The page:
Homer’s First National Bank receives attempted deposit of counterfeit $100 bill

Last Thursday, Homer’s First National Bank received an attempted deposit of a counterfeit $100 bill. The bill was a motion picture photos cash dollar.

Erik Neibuhr, Homer branch manager and loan officer, confirmed the event and said that when this occurs it’s usually in a large deposit from businesses such as the grocery stores, gas stations or fast food restaurants. Bank staff are trained to feel the texture of legitimate cash. U.S. currency is printed on fabric, a combination of linen and cotton and not actual paper. It also contains a slight color distribution of blue and red within the green and black visual pattern to make imitation more difficult.

According to Neibuhr, when a bank receives counterfeit currency, the business is required to report the event to the United States Secret Service and the currency is collected by local law enforcement.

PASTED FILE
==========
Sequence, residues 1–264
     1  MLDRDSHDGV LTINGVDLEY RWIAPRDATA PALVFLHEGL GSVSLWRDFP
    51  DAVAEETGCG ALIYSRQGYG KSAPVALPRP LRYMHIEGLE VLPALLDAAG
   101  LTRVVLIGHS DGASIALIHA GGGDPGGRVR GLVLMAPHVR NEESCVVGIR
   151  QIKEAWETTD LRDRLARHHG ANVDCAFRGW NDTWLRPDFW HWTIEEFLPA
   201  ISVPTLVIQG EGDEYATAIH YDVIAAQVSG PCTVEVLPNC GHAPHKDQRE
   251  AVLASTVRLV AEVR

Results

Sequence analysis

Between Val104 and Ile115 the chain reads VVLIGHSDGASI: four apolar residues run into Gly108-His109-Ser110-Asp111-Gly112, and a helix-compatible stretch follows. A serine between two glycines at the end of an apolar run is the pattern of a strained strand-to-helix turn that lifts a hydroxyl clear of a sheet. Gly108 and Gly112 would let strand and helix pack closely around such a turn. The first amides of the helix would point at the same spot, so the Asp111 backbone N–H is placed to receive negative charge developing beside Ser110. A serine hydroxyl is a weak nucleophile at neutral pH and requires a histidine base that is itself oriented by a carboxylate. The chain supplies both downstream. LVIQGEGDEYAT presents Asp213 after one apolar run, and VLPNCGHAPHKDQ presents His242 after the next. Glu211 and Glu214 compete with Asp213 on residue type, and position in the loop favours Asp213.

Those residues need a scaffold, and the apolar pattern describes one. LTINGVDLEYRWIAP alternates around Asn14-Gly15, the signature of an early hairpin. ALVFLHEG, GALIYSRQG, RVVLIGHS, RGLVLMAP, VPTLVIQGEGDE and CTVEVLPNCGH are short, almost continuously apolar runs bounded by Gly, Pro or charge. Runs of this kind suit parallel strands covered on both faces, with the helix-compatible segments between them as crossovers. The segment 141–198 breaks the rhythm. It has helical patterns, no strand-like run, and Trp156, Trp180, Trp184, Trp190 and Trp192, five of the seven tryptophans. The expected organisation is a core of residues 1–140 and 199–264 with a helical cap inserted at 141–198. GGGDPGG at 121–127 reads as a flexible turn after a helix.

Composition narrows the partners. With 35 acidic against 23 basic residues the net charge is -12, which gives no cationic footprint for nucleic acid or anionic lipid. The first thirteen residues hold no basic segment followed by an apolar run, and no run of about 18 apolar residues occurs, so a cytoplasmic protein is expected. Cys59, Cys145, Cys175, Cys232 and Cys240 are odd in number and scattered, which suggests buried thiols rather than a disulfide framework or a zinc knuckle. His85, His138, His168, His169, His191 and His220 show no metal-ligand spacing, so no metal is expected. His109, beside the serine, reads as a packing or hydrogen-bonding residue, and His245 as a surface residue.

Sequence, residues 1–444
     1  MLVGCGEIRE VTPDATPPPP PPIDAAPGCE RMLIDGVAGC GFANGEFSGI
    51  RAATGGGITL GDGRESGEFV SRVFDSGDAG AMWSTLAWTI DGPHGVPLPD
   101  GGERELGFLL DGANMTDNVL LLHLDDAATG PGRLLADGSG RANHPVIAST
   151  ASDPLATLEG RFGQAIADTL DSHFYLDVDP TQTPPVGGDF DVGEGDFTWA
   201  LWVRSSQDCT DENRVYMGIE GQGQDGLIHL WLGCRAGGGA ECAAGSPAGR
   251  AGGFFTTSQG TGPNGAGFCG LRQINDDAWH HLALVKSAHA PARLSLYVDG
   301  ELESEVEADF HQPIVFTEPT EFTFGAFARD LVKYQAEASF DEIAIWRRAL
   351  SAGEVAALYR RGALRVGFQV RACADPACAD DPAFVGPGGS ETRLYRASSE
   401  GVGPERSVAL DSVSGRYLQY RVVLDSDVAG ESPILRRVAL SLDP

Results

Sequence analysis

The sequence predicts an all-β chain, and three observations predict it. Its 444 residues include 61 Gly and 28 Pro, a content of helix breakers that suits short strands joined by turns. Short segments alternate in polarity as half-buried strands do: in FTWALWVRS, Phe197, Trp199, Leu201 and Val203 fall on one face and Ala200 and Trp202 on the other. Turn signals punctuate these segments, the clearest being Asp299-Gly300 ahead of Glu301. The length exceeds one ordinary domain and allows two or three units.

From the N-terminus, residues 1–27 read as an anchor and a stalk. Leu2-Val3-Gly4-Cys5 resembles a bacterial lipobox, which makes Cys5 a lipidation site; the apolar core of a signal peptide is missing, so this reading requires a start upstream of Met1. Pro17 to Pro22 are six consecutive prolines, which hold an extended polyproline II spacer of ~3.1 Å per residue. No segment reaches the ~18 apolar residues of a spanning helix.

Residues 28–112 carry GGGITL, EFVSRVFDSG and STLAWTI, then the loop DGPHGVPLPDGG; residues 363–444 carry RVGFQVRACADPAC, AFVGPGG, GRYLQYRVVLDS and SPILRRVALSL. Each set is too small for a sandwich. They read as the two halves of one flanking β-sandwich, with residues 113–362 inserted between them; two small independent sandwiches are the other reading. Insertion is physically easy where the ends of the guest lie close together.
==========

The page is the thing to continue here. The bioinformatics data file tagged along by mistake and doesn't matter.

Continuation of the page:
There are only three banking institutions in the community of Homer: Wells Fargo, Global Credit Union and First National. Neibuhr said that if deposit attempts occur more than once local police will often put out a notice to local merchants to be aware of the situation.

He said that it is typical for businesses to use a counterfeit test pen when they receive a customer payment of $50 or $100 bills. A counterfeit pen marks a bill to see if it changes color to confirm legitimacy and it is common for merchants to keep a pen in their cash register to test bills.

Neibuhr said that once a counterfeit bill is received at a bank it’s unlikely that it can be traced back to the person who used it in retail because the fake money has been handled by so many people before the attempted deposit.

He also said an event like this is a good reminder for retail businesses to inform their staff to be aware of the possibility of the reception counterfeit cash and to check large bills before accepting and processing them.

Tags: ,